Sing One With Willie is a feature where I discuss two Willie Nelson duets with every edition: one from an objective viewpoint to explain the backstory, and another from a critical perspective to offer personal thoughts and commentary on the music itself.
The featured single: “Pancho and Lefty” (with Merle Haggard) (1983)
As I stated in a recent piece, it’s easier to generalize Willie Nelson’s appeal – and, by extension, other “outlaws” of the ‘70s – to fans outside of country music than to those within that inner circle. Here were country musicians that didn’t act like affable rubes, and went beyond the drinkin’ and cheatin’ clichés that outsiders typically associated with the genre. They behaved like rock stars, but made music rooted in tradition. Country fans may have gravitated more toward the music, but outsiders loved the mystique of the image surrounding the movement.
Perhaps it’s understandable, then, how, even as country music’s overall commercial image shifted in the wake of the Urban Cowboy movement, resulting in a commercial boom for the genre, an act like Nelson endured anyway. His deadpan delivery in song and life helped to establish him as an unlikely, but interesting actor during this time period, whether it be The Electric Horseman, Honeysuckle Rose, or Barbarosa. Still, it was the music that pushed his career forward, where Nelson indulged not only in a series of duets – providing an ample amount of discussions for this particular feature – but also in 1978’s Stardust, a collection of pop song standards that revealed his knack for interpretation without sacrificing any country music integrity.
Of course, that series of duets also resulted in a career effort in 1983, both for Nelson and Merle Haggard. The two artists had decided to collaborate on a duets album. Nelson was arguably at his creative peak; Haggard, meanwhile, had just released a notable comeback effort in Big City two years prior. The album’s eventual title track, “Pancho and Lefty,” came toward the end of the recording sessions. Nelson felt the album he and Haggard had recorded so far was missing the one track needed to anchor it. While in search of a song, Nelson’s daughter Lana brought a copy of Emmylou Harris’ Luxury Liner around midnight, eager for her father to hear that one particular song.
Nelson wasn’t familiar with the tune, but he was immediately enamored by it. As the story goes, Nelson knocked on Haggard’s tour bus at around four in the morning and insisted that he should hear the tune. Haggard accepted, but wanted to wait until the morning. Nelson’s persistence ultimately paid off. The two recorded it, but Haggard, unsatisfied with the entire ordeal, thought he’d just redo his part in the morning. In his words, “I got up the next morning and went in the studio and I said, ‘Can I do that vocal track over?’ And they said, ‘Hell, that’s on the way to New York.’ I don’t even remember singing it. I was asleep.”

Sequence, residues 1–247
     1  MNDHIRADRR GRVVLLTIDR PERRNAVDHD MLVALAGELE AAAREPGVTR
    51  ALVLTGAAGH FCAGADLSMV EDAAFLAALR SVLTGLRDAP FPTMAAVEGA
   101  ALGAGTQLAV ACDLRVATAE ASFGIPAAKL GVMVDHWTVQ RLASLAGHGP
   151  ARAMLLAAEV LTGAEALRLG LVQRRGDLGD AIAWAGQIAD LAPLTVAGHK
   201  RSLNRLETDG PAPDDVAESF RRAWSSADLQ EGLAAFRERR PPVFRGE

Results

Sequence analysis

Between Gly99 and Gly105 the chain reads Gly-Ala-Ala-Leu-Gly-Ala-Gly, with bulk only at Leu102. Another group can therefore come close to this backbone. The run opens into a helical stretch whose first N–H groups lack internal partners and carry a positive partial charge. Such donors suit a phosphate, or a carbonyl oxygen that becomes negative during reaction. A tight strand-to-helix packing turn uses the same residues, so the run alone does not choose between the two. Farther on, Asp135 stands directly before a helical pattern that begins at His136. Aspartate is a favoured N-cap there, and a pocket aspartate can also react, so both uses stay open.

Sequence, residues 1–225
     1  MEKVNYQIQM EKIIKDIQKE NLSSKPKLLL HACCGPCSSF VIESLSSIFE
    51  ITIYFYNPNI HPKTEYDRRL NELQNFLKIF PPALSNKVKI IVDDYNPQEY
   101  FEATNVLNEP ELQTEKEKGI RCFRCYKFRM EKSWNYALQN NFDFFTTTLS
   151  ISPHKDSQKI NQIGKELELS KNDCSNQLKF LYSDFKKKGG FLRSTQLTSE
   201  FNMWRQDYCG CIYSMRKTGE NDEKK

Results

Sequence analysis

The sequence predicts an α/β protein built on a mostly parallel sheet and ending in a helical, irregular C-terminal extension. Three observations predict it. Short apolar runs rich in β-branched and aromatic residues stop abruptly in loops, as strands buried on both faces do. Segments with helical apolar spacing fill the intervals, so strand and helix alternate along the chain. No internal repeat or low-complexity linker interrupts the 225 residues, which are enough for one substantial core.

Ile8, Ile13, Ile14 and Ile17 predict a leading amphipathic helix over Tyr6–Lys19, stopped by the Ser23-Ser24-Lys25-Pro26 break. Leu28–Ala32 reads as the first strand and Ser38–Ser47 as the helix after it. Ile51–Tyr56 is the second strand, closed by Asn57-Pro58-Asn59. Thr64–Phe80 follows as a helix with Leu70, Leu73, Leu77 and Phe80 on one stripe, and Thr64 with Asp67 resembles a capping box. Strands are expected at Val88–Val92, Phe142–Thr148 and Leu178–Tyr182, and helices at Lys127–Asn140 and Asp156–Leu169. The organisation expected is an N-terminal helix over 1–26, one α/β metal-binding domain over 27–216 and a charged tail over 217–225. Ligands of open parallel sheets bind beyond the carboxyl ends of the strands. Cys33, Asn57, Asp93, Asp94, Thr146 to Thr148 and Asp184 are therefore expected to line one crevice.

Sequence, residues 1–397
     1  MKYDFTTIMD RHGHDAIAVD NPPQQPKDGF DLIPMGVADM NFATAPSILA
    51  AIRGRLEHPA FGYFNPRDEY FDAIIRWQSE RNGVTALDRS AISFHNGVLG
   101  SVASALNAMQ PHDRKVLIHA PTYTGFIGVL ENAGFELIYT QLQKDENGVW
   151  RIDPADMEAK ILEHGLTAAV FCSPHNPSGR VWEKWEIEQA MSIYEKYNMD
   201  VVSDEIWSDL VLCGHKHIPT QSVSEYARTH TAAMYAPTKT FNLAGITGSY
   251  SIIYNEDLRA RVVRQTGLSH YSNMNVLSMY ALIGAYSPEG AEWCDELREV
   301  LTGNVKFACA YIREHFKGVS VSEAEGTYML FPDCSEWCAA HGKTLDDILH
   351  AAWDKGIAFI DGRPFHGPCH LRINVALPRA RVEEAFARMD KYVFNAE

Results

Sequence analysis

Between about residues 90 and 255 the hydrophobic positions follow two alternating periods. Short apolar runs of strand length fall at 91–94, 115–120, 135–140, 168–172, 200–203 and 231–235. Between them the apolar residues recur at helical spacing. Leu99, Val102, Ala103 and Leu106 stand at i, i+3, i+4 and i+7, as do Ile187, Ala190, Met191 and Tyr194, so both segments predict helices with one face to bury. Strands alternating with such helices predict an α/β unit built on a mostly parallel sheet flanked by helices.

The song was written by Townes Van Zandt, and its source of inspiration is up to interpretation. It tells the tale of a Mexican bandit named Pancho and his friend Lefty, who betrays him. Pancho dies young while Lefty lives to an old age, consumed by guilt and forced to live with what he’s done. It came, according to Van Zandt, “out of the blue,” but many of the lyrical details mirror the life of Mexican revolutionary Pancho Villa, who was killed by unknown assassins in 1923.
It’s not surprising that neither Nelson or Haggard were familiar with Van Zandt’s tune prior to recording it. While a recognized name today, none of Van Zandt’s recordings were commercial successes; that his sixth album was titled The Late, Great Townes Van Zandt says it all, really. But he was the embodiment of the tortured soul – following in the wake of, say, Hank Williams – just trying his best to write the perfect song, even if it wasn’t the most well-known one. To many, “Pancho and Lefty” is that masterpiece.
The B-side: “Reasons to Quit” (with Merle Haggard) (1983)
“Pancho and Lefty,” however, was not the first single from the eventual album. After delaying the album’s release for about a year – due to Nelson flooding the market with his own solo material, including “Always On My Mind,” a song originally intended for the duets project but eventually rejected by Haggard – Epic selected “Reasons to Quit” as the first single. It’s less one-sided as a duet than the album’s title track, with both artists swapping stories of their personal demons in a somewhat tongue-in-cheek manner.
Unlike “Pancho and Lefty,” though, the track reflects one of the bigger criticisms of the album in general – that, being how Nelson and Haggard’s vocal tones don’t blend well together, nor are they all that effective at conveying the lighthearted nature of the track. Then again, perhaps conveying weary burnout is the point anyway. It’s just that, as “Pancho and Lefty” shows, the two were at their best when they were allowed to come alive.
“Panco And Lefty” has been one of my all time favorites ever since I heard it on a country compilation cd my step dad played in the car back in 2000. It’s one of those songs that never gets old for me, despite some of the dated 80’s production. I love that you included the story about Haggard recording his part half asleep, lol. I remember hearing that bit on the Ken Burns Country Music documentary, as well, and thought it was pretty neat. I always love hearing such backstories.
I also really like “Reasons To Quit,” and actually, I had recently discovered it on one of my old cassette tapes I recorded from the radio that I hadn’t listened to in forever. This was back in late 1991/early 1992 when there was actually still a decent variety of songs played on the radio.